MAYBE YOU JUST NEED A GLASS OF WATER?

MAYBE YOU JUST NEED A GLASS OF WATER?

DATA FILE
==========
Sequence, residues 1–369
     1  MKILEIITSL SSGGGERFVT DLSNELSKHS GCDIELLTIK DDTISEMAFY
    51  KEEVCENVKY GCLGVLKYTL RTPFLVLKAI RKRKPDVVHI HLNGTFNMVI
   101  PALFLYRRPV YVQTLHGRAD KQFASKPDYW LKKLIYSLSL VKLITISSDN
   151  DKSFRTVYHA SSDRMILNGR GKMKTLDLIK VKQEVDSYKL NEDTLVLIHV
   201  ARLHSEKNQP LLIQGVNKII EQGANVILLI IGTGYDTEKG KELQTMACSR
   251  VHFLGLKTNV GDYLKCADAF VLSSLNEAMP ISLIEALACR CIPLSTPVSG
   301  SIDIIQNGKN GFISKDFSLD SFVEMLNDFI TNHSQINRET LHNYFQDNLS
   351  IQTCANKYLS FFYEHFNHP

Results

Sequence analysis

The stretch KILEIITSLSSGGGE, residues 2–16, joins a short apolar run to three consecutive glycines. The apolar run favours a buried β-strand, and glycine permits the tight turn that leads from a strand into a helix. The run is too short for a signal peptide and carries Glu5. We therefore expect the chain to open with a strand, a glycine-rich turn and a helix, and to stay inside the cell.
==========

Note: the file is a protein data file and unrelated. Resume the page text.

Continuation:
Posted June 18, 2012